One more story from 2012 before heading toward the New Year’s Eve confetti. On Saturday, November 13, we had our first snowstorm. It rained the night before, then froze, then snowed. I spent the better part of Sunday shoveling the driveway; something I actually enjoy doing.

I figured the plows would have had plenty of time to do their thing on the major roadways by Monday morning, but I was wrong. They’d taken only one pass and the major road heading north from Sidney was mostly snow-packed.

I headed out at 6am, as usual. It was dark and the road was snarky, so the 65mph speed limit was ignored in favor of a safer 40mph. There was, thankfully, very little traffic. About 5 miles north of town, there was just one oncoming car a quarter mile away, and another a mile behind that.

Then, one of my drive wheels must have found a patch of dry roadway – and I started spinning. Fast. It had to be at least three clockwise rotations; I couldn’t count. There wasn’t time for my heart to jump to my throat. There was only time to reflexively turn into the spin. The first car miraculously passed me without contact.

I came to a stop facing north in the southbound lane. The second car couldn’t have stopped if it tried. My car was stalled. I tried three times to restart it. It cranked but didn’t catch. I turned off the headlights and radio and tried again. It caught, I turned on the headlights, put the car into gear and slowly crawled back into the northbound lane – getting there just as the second car went past.

I continued on to the office kind of surprised by how calm I was.

Later in the day, I sat down and purposefully thought about it. I started spinning. I turned into the spin fully expecting a collision but not having one, and I didn’t land in a ditch. I then realized that I had said two words right about then: “Holy GOD!”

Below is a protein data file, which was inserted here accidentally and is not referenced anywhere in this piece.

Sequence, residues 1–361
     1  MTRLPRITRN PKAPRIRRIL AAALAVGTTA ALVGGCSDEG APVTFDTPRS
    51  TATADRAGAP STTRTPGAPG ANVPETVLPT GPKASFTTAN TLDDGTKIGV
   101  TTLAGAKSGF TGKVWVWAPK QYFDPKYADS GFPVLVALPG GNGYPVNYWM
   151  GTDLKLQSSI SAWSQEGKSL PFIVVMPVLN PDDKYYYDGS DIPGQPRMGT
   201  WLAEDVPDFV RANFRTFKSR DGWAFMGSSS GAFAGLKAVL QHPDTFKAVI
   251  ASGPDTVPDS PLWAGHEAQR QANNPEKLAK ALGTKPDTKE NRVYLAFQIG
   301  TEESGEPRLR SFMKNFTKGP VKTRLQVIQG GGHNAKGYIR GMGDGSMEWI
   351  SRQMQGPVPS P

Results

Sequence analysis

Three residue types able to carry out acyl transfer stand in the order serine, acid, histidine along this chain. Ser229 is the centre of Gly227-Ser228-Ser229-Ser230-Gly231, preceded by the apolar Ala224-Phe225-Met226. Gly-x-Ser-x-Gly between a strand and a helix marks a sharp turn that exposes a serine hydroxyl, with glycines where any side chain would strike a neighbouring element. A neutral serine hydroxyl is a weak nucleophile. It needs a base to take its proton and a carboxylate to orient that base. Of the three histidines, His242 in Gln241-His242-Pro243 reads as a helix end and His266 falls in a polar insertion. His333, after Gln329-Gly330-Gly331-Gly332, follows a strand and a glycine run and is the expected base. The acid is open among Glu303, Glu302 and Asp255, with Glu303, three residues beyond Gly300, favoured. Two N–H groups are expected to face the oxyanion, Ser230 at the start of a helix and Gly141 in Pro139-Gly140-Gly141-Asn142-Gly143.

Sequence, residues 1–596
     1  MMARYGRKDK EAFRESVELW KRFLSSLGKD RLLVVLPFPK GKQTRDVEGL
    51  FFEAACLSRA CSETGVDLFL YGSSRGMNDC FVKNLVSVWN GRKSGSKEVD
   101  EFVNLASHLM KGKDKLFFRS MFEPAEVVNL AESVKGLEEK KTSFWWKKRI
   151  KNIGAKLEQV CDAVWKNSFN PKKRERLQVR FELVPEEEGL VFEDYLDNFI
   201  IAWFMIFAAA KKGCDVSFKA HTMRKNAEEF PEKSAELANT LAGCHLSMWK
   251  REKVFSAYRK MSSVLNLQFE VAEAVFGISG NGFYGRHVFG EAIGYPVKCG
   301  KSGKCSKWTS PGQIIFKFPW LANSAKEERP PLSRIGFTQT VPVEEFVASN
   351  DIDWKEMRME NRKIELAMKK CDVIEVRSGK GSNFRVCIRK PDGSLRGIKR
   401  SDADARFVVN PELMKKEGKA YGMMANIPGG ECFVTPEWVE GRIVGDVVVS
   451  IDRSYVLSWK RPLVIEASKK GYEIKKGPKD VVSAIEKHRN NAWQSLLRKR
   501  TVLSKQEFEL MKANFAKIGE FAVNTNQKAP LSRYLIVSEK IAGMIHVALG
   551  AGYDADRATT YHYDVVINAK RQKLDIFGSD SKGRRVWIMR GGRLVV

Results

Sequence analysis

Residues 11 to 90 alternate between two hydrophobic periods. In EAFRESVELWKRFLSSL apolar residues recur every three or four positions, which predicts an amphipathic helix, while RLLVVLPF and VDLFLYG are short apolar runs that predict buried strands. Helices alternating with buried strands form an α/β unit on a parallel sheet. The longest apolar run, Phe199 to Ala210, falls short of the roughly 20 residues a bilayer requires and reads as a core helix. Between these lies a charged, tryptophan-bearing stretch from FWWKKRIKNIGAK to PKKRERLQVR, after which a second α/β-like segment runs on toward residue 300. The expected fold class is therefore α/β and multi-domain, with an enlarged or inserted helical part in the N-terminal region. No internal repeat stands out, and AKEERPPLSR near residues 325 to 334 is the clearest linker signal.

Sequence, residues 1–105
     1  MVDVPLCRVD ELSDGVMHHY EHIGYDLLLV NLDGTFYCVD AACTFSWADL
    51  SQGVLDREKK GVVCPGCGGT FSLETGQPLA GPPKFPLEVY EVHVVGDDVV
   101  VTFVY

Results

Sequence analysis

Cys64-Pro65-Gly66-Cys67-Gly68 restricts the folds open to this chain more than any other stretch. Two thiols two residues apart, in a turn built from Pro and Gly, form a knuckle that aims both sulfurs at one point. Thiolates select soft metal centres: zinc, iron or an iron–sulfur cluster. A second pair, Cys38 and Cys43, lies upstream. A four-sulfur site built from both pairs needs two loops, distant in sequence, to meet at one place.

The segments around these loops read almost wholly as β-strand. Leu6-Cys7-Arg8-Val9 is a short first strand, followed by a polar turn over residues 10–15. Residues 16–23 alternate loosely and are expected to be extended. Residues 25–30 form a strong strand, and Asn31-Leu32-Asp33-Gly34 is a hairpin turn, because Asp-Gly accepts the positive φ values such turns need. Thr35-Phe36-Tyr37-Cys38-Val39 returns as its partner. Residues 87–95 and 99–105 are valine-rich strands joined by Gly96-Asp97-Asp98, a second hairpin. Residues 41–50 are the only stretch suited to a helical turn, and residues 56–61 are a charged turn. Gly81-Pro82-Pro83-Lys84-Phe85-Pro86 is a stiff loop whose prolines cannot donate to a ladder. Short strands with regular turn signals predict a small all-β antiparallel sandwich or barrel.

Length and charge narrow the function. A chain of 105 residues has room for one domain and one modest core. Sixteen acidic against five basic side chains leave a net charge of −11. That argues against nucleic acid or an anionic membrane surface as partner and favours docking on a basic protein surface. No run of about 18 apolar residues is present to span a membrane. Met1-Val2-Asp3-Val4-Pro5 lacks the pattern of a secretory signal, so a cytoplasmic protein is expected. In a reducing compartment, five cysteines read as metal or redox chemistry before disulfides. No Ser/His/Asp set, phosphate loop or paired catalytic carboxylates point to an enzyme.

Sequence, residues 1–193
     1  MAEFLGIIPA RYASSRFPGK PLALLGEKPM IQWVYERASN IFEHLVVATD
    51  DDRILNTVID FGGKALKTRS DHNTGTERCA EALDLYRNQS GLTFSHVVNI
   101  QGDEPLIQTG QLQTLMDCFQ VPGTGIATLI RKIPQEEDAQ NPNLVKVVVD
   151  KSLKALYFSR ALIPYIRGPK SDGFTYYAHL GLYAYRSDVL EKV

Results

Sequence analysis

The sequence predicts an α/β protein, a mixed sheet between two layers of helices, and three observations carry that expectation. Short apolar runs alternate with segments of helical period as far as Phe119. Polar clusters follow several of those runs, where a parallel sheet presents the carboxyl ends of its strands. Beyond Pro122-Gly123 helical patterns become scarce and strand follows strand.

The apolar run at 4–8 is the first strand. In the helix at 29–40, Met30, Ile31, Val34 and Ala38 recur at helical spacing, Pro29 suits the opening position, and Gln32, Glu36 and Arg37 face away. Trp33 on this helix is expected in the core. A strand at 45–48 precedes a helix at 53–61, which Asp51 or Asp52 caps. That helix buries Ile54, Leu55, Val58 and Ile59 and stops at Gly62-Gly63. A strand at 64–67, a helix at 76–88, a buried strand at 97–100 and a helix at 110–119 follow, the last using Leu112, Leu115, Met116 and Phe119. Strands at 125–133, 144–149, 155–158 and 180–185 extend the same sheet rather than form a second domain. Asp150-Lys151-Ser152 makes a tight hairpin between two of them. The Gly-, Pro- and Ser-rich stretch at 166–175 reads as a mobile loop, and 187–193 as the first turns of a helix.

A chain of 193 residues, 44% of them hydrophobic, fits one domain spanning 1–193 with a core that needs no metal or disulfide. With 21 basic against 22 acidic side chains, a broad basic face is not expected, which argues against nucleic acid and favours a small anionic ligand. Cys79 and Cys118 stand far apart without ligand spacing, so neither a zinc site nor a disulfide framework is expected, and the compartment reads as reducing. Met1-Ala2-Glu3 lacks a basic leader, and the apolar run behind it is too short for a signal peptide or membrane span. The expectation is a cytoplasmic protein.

For all the spinning I’ve lived through this year, at least my head is still screwed on tight.

You know how a song gets stuck in your head and you can’t get rid of it? I’ve had thoughts banging around in there causing synaptic overdrive: “I’m bad.” “I’m worthless.” “I’m a failure.” I had been programmed. I could no sooner dismiss, forget or replace these thoughts than I could convince myself that “Mary had a little armadillo.”

I was taught that any outward display of emotion was an annoyance to others and was to be avoided at all costs. I was taught that boys don’t cry.

Yet, I did have value, somehow, and I knew it. And when it came time for me to make my way in the world, I needed to fight through the fears, work longer and harder, be better than everyone else.

My God-given value was communications, a gift used with great success in the radio and television industries. These were working environments tailor-made for me, and I thrived in them. When regulations changed in the 1980’s, however, the environments changed too, and I made the decision to leave; a decision both correct in its time and haunting to this day. What might I have become had I stayed?

I have since adapted my communicative skills to other industries and self-enterprises with varying degrees of achievement – thankfully more positive than not. Through it all, I wrestled with my embedded problems and worked harder to succeed despite them.